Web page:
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An Insertion Position Illuminated Needle Guide Template for Transperineal Prostate Interventions

Institution:
Surgical Planning Laboratory, Brigham and Women's Hospital, Harvard Medical School Boston, MA, USA.
Publication Date:
Jun-2014
Citation:
The 28th Int Congress and Exhibition on Computer Assisted Radiology and Surgery (CARS), 2014 June, Fukuoka, Japan.
Keywords:
Flexible manipulator, Four-wire-driven, Medical robot, Quad-directional structure, Robotic catheter, Robotic surgery
Appears in Collections:
CARS
Sponsors:
P41 EB015898/EB/NIBIB NIH HHS/United States
Generated Citation:
Yoshimitsu K., Song S-E., Tokuda J., Hata N. An Insertion Position Illuminated Needle Guide Template for Transperineal Prostate Interventions. The 28th Int Congress and Exhibition on Computer Assisted Radiology and Surgery (CARS), 2014 June, Fukuoka, Japan.
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Purpose: Robotic catheters have been proposed to increase the efficacy and safety of the radio-frequency ablation treat- ment. The robotized motion of current robotic catheters mim- ics the motion of manual ones - namely, deflection in one direction and rotation around the catheter. With the expecta- tion that the higher dexterity may achieve further efficacy and safety of the robotically driven treatment, we prototyped a four-wire-driven robotic catheter with the ability to deflect in two-degree-of-freedom motions in addition to rotation. Methods: A novel quad-directional structure with two wires was designed and developed to attain yaw and pitch motion in the robotic catheter. We performed a mechanical evalu- ation of the bendability and maneuverability of the robotic catheter and compared it with current manual catheters. Results We found that the four-wire-driven robotic catheter can achieve a pitching angle of 184.7◦ at a pulling distance of wire for 11 mm, while the yawing angle was 170.4◦ at 11 mm. The robotic catheter could attain the simultaneous two-degree-of-freedom motions in a simulated cardiac chamber. Conclusion: The results indicate that the four-wire-driven robotic catheter may offer physicians the opportunity to intuitively control a catheter and smoothly approach the focus position that they aim to ablate.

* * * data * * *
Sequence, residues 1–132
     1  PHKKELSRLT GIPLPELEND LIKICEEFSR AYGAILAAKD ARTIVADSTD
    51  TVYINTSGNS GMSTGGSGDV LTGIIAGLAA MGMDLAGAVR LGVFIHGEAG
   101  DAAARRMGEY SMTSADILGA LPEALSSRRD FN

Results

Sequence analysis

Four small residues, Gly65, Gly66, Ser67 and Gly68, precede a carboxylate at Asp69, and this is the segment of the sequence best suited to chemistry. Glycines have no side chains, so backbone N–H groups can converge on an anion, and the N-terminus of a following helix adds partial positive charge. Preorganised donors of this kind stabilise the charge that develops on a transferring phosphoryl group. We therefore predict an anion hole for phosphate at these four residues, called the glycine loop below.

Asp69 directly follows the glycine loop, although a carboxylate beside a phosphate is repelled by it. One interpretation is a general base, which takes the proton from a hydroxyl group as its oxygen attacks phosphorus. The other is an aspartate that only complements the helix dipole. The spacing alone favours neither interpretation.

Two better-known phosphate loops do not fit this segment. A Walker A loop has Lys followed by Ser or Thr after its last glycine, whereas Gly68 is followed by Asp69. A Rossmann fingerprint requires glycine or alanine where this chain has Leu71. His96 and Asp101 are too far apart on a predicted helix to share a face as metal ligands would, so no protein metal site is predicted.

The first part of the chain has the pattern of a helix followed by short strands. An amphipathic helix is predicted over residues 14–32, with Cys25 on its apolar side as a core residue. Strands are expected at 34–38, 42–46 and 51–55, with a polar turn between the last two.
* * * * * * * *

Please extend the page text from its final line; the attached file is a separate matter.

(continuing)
Additional Material
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Yoshimitsu-CARS2014-fig4.jpg (106.378kB)